Wednesday, October 5, 2011


I've never understood courtship rituals that involve flowers.  To me flowers say, "I cut this thing that was growing happily in the ground to show you how much I like you, and now it's on a quick route to death as you look on."  I don't get it.  It had to be something that women came up with originally since it makes absolutely no sense to me.

It may not surprise you when I say that I haven't gotten a whole lot of flowers in my life from potential suitors.  Of those guys who were ever interested in me, there were two types.  First type  The first type knew me well as a friend, and they knew that I probably would look at them strangely if they gave me flowers. "Huh?" as I would hold the flowers uncomfortably and tried to restrain my sighing as I scoured the house for a stupid beautiful vase.  This actually never happened because these guys knew to not go that route.  Guys that knew me well knew that they would get a heckuva lot further with a candy bar.  As an added bonus, the candy bar was cheaper.  Second type  The second type liked me from afar and thought I was the stereotypical girl who would like them more if they gave me flowers, which is a complete fallacy.  See, I take the flowers as an insult to my intelligence, which actually works against their efforts.  I think I got 4 of these bouquets in my life from different guys with romantic intentions.  None of them really knew me that well because if they did know me at least a marginal amount, they would know that I'm just not the flower type.  (A handwritten card + candy bar) = (100 x bouquet of flowers with a transcribed message from a flower shop employee)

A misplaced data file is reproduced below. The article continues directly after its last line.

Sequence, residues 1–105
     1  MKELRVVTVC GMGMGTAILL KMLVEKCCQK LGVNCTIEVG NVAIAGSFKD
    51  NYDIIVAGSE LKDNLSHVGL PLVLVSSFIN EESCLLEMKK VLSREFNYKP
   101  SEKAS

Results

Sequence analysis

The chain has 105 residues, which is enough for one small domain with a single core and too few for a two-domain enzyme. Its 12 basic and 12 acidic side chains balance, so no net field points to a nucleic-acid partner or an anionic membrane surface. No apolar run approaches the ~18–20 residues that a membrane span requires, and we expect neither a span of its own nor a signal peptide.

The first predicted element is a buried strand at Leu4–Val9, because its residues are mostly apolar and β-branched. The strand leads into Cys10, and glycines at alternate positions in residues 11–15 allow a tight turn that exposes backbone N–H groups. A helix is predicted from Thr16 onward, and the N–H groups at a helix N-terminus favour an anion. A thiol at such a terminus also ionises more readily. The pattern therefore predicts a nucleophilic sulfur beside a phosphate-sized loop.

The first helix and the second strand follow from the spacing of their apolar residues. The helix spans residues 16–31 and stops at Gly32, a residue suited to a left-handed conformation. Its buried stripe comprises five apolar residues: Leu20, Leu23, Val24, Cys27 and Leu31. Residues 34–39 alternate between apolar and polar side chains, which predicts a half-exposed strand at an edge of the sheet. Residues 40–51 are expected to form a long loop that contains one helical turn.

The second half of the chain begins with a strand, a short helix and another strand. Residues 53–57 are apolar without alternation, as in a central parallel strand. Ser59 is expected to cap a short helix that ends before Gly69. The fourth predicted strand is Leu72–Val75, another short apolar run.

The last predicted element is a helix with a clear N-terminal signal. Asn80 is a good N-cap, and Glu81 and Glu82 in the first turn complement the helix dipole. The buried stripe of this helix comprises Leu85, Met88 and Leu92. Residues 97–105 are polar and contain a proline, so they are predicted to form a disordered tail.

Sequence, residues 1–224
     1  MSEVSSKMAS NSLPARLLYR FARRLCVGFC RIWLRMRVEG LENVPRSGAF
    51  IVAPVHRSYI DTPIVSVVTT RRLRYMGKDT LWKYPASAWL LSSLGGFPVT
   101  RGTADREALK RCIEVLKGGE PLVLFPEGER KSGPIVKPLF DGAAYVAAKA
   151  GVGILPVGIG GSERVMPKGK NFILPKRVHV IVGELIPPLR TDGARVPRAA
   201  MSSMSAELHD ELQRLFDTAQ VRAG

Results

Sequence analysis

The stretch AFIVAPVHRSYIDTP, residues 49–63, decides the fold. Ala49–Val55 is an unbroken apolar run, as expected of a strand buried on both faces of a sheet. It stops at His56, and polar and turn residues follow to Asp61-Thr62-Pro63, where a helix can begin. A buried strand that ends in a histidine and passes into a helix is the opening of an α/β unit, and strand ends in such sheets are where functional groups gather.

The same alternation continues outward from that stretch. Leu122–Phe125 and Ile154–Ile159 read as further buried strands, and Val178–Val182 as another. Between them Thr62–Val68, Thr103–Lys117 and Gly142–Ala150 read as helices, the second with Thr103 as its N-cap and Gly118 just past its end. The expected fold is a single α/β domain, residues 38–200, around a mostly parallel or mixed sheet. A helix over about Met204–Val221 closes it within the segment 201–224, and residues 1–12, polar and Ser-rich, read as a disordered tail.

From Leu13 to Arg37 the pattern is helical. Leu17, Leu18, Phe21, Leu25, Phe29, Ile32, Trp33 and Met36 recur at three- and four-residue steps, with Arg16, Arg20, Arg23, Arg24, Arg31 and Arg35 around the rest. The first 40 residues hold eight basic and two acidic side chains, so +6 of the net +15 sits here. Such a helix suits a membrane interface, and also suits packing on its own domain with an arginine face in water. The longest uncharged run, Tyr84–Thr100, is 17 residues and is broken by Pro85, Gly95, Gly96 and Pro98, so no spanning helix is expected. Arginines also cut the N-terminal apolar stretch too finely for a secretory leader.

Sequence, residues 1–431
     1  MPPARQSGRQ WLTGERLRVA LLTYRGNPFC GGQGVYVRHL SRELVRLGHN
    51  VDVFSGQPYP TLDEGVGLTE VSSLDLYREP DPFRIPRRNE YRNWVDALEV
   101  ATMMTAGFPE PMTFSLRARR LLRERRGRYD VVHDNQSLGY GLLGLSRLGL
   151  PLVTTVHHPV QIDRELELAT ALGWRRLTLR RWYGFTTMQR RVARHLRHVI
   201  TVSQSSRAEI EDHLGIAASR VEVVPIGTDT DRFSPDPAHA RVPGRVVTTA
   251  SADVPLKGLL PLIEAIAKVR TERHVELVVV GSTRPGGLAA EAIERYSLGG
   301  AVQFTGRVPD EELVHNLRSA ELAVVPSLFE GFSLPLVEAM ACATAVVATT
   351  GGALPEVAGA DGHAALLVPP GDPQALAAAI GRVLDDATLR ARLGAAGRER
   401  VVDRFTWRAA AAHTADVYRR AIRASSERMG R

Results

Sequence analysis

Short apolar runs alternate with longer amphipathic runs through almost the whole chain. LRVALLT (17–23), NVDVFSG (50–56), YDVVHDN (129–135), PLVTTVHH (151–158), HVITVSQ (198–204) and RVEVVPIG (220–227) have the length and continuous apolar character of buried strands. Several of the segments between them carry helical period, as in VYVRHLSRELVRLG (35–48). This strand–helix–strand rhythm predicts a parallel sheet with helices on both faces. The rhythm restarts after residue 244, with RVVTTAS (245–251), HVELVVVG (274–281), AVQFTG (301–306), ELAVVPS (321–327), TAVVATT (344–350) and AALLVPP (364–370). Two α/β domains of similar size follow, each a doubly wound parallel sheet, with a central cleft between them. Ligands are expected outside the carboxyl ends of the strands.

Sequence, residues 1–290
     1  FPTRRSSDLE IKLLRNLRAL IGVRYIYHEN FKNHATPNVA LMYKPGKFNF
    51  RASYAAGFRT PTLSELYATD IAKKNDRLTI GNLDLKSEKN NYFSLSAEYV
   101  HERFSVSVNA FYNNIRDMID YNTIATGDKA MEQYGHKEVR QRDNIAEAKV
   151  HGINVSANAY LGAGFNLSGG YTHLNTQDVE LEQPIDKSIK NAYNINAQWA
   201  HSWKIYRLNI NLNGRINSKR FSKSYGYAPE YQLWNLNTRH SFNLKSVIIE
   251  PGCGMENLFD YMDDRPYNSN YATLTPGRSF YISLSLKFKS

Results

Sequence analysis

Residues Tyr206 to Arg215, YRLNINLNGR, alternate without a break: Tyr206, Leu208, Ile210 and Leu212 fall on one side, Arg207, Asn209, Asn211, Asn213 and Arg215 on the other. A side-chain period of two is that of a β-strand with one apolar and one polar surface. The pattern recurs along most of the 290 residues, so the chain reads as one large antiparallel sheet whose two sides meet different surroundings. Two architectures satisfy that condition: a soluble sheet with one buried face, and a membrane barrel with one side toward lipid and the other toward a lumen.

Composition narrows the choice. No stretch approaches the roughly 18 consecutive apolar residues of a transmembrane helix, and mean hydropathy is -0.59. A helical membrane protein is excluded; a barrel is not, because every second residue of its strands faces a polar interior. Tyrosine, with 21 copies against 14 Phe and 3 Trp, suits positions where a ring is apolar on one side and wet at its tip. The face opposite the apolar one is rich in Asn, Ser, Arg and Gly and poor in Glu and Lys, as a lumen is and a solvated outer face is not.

All that being said, I remember receiving my first bouquet of flowers.  Because I remember everything.  Even flowers.